Wednesday, November 26, 2008

Twitter Comes of Age With Mumbai Attacks

The still-developing terrorist atrocity in Mumbai has seen the communications tool Twitter emerge as means for participants, witnesses, and the rest of the world to report on and react to a breaking news situation in a new and useful way. Reports from the ground in Mumbai via Twitter have been way ahead of both the traditional media -- newspapers and television stations -- as well as even the new media in reporting on what is happening there.

Twitter allows anyone with a cell phone or Internet connection to broadcast news to an audience -- sometimes an audience of dozens, but for some Twitterers an audience of thousands. Each Twitter account member can forward messages, which can multiply in a cascading effect the impact of important messages.

I took note of Twitter some time ago, but dismissed its utility for anybody other than the critically narcissistic. Fortunately, others were more creative, and have managed to develop Twitter as an effective means to network and communicate.

In the last month we've seen debates about how we can use Twitter as a marketing and network-development tool. Last week those of us who follow Twitter were talking about Shaquille O'Neal using Twitter to reach his fan base. Next week we'll be discussing how Twitter can change the way people learn of breaking and changing news stories.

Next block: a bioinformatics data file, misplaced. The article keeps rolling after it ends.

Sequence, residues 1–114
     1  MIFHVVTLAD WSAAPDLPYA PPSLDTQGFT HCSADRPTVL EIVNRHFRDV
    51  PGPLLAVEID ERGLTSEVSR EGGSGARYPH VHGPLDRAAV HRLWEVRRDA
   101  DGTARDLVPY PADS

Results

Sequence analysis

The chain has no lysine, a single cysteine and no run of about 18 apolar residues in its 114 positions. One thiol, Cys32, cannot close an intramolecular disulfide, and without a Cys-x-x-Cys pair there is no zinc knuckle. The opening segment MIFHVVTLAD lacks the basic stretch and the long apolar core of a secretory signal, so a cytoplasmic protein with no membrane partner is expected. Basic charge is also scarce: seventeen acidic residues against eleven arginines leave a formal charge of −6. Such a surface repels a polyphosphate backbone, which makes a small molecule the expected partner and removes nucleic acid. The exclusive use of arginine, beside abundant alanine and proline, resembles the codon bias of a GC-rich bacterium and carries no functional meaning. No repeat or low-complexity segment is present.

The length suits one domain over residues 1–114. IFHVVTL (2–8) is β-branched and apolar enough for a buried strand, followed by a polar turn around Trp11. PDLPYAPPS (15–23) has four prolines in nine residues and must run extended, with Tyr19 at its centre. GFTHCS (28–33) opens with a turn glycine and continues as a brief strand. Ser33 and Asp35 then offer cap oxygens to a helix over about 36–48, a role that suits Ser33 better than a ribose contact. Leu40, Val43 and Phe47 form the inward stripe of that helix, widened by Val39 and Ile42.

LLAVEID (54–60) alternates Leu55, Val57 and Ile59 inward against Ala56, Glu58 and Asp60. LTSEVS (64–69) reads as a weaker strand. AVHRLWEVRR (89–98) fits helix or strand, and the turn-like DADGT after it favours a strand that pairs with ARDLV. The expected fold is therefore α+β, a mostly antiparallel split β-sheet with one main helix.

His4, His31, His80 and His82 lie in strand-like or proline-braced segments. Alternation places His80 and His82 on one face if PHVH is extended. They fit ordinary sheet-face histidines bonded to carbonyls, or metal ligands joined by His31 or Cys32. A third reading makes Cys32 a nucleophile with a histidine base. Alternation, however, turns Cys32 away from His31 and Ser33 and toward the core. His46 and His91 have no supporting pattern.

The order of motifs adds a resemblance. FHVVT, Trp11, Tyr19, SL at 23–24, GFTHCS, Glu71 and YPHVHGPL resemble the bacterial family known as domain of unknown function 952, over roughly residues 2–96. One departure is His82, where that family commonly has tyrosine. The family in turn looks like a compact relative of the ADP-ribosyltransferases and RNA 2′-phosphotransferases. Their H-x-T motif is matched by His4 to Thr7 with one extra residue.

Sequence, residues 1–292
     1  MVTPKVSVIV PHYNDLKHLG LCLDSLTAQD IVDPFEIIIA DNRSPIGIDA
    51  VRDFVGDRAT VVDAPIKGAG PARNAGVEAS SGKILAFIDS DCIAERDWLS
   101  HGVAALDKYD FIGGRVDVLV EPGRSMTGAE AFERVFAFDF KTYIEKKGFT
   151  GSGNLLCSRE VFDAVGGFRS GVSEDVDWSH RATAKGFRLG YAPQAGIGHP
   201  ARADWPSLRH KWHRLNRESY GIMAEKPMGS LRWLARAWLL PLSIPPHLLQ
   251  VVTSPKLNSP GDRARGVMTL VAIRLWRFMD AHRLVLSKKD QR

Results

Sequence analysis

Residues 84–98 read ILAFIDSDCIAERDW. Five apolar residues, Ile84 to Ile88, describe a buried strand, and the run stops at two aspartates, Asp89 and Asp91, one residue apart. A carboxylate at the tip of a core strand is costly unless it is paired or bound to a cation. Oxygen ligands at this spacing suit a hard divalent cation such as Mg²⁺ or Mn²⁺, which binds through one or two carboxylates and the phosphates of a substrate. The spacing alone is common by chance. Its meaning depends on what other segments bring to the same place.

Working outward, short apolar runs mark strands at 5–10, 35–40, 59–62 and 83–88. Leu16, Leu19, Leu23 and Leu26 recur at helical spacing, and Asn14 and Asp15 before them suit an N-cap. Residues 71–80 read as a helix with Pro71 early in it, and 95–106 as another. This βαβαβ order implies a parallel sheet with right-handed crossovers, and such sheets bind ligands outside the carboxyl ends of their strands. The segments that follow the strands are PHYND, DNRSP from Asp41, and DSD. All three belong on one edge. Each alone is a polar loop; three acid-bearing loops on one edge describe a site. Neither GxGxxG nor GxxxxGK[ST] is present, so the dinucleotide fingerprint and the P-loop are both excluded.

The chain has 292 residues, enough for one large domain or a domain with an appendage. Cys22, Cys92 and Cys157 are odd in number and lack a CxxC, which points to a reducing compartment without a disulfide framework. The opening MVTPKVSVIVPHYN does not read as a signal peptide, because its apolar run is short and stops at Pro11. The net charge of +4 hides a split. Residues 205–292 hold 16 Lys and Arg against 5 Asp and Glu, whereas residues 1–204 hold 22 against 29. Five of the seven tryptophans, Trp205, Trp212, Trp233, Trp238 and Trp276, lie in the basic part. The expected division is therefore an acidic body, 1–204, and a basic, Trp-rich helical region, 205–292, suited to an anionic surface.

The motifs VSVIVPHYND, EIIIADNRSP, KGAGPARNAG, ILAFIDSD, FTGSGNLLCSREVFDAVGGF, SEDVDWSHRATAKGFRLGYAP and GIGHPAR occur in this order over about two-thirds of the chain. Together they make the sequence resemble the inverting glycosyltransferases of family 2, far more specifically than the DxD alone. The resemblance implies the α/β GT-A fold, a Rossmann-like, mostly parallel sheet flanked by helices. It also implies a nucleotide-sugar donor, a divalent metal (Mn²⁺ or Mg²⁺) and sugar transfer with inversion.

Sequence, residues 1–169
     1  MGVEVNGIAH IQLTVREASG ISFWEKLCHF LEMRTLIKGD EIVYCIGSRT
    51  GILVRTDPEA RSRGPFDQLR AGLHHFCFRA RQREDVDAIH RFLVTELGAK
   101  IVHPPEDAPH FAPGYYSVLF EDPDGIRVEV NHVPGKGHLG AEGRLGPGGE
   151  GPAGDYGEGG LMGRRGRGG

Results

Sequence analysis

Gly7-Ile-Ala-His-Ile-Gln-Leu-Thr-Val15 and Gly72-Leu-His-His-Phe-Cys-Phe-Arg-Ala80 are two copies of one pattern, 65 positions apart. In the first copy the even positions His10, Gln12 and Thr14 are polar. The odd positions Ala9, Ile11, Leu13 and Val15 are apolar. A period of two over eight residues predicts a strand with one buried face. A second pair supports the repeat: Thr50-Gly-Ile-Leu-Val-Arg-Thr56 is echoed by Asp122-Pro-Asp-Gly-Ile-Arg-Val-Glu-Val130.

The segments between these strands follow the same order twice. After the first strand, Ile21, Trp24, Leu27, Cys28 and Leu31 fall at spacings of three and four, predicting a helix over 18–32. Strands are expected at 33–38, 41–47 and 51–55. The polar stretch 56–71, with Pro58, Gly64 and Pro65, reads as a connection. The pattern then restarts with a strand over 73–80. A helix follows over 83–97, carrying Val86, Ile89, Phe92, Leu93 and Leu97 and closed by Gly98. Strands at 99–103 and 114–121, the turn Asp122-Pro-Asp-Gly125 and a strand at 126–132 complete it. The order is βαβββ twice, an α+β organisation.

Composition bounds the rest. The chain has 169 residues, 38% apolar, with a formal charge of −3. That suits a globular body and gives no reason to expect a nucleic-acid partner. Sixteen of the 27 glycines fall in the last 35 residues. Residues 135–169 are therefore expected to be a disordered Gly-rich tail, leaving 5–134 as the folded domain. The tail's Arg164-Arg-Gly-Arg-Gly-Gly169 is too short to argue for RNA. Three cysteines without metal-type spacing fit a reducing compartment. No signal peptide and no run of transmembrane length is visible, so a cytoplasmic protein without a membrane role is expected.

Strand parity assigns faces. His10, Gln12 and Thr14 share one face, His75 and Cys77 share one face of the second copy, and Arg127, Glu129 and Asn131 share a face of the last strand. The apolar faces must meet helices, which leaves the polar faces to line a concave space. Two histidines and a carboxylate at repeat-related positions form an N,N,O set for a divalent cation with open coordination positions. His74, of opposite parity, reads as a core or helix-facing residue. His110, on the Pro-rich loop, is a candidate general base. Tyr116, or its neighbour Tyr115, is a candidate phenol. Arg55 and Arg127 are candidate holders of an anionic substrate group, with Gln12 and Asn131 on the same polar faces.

The issues with citizen journalism -- accuracy and credibility -- are magnified when that journalism is filtered through a 140-character-limited Twitter post. It will be interesting to see how mainstream journalism adapts to the Twitter challenge.

For more on Twitter, see here.

Update: 15 minutes after I submitted this post, a number of Twitter feeds reported that Indian government officials have asked that the Twitter page for Mumbai be shut down, and that people stop submitting Twitter feeds about the emerging situation. Is this an attempt to manage the situation, or control the dissemination of information? Or perhaps a bit of both? (Or likely just a rumor, though the BBC picked it up and ran with it for some hours.)


  1. Advise people to use discretion in posting information: yes
    Block the search page: no

    Well, but I may be wrong

  2. Regarding your update, local authorities didn't want terrorists monitoring the Twitter feed and seeing specific alerts on police and military activity. Nobody was suggesting nobody tweet.